[Paul Hager is a long-time Bloomington resident and active member of the Libertarian Party.]
I began a campaign of social activism, combined with a measure of participant-observer sociological research, 6 months ago in December of 2000. It involved carrying my personal defense handgun openly instead of concealed, as I had been doing since 1993. I explain my background and the reasons why I chose to engage in this campaign in articles 1 through 5 on my website (/www.paulhager.org/).
Some readers may already be familiar with the campaign, because the press release I issued when it began almost immediately produced a story in the Herald-Times. That story was, in turn, picked up by the AP wire and appeared in the Indianapolis Star. I was also on talk radio both here and in Indy in December and January.
For the last 6 months, I've been wearing a Bulgarian-made 9mm Makarov. It is based on a Russian design, which is actually a reverse engineered German Walther PPK (James Bond's gun). The Makarov was the standard sidearm for East Bloc police. After the Soviet Union collapsed, a torrent of inexpensive police and military East Bloc firearms, such as the Makarov, flooded the market. I saw a bargain and picked one up on the cheap. The Makarov also has something of the mystique of the souvenir Lugers GIs brought back from Europe after WW II. Being a good free market libertarian, I just had to have a tangible symbol of our victory in the Cold War.
My Makarov came with a police flap holster. It was ideal for carrying my pistol openly since the holster makes it very difficult for anyone to get the pistol away from me, yet it is unmistakably a gun holster. I do, after all, intend for the gun to be seen.
Thus far, I've generated very little attention, either negative or positive. As I stated on the website when I began this campaign, I started with the Makarov in order to establish a baseline response. Now I'm ready to shift to a gun that is larger and harder to overlook: a .45 caliber Glock 21 semi-auto. This will allow me to determine whether changing to a more obtrusive gun affects the way people respond.
Glock pistols will be familiar to most readers, at least subliminally, because they are a favorite of police departments all around the country as well as those in our fair state. The Indianapolis police carry the Glock 22, which fires the .40 caliber S&W round. I think that's the same model Glock the Bloomington police carry.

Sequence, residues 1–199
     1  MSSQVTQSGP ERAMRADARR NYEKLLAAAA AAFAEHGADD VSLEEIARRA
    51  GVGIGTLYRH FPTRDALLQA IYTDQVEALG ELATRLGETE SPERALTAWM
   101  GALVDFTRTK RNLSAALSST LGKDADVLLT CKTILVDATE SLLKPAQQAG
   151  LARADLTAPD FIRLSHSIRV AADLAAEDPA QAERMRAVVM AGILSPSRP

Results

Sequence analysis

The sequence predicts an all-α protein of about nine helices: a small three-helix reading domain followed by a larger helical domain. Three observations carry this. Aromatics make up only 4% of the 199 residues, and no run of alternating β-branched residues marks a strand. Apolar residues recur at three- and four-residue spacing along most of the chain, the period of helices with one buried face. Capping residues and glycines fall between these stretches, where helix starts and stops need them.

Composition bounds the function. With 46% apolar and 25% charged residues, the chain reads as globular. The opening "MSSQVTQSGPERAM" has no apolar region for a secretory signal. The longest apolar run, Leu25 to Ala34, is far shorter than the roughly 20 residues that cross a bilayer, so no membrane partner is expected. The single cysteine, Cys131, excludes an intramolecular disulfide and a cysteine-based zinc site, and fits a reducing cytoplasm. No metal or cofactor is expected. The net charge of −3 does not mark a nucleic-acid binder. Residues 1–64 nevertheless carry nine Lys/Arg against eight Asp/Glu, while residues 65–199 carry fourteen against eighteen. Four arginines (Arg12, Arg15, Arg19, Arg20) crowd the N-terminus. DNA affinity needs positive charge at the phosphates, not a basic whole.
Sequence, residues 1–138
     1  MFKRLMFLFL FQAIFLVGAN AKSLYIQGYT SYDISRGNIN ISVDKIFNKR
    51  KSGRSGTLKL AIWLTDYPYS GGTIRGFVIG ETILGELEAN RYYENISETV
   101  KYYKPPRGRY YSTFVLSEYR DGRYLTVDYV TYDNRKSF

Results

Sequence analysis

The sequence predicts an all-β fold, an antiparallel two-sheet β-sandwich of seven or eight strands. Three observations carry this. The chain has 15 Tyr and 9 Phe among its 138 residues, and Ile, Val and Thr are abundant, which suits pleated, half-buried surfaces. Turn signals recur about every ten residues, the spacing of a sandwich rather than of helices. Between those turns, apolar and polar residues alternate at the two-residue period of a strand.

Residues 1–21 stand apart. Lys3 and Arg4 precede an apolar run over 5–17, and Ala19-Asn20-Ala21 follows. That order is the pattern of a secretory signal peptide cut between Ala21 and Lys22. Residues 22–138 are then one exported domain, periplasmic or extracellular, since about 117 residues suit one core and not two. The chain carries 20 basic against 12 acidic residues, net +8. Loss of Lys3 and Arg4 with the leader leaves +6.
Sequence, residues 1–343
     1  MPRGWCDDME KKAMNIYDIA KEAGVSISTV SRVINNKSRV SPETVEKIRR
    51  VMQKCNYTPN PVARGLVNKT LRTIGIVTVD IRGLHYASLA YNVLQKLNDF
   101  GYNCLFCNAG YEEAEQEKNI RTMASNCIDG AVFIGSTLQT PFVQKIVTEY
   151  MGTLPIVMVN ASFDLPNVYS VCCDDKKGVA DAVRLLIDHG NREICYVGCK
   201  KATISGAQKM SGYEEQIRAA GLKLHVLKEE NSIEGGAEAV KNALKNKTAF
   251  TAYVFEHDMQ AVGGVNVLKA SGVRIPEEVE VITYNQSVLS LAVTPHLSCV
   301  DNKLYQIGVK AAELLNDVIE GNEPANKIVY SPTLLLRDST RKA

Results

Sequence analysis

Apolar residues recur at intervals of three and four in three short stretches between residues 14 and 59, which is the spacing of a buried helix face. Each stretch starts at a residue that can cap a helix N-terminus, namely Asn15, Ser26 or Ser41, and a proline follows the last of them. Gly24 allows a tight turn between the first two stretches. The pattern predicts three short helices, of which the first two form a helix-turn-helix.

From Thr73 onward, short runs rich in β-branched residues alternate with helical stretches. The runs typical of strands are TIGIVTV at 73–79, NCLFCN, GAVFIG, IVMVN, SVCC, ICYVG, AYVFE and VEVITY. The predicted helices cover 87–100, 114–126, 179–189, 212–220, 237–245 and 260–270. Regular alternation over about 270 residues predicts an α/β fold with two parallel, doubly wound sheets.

For carrying my Glock, I bought a top-of-the-line, high-retention police-style holster. This makes sure that the only person who can take the gun out of the holster is me.
I will begin open carry of the Glock on Independence Day. As is my wont, I plan to be in Bloomington's 4th of July parade marching with the Libertarian contingent. Independence Day is an ideal time to make the switch because it will serve to remind people that self-defense is one of our inalienable rights.
Between 8% and 9% of voting age Hoosiers hold Personal Protection licenses entitling them to carry a pistol. All told, probably close to half of all Hoosier households have at least one gun, which is used for home defense but not carried. Despite our numbers, we gun owners are under incessant attack. Prejudice thrives on ignorance, and as long as gun owners do nothing to dispel negative stereotypes the attacks will increase and our rights will be slowly attritioned away. Ending stereotypes requires that the public be shown what gun owners are really like - who we really are. Gays didn't start to get respect until they came out of the closet. That's what my campaign is about: coming out of the closet as a gun owner.
I encourage everyone who normally carries concealed to begin carrying openly. If you are uncomfortable doing it on a daily basis, start out doing it once a week. A good day to start is Independence Day. It's the perfect time to come out of the closet and begin educating your neighbors. Join with me in celebrating all of the rights free Americans won by exercising their right of self-defense.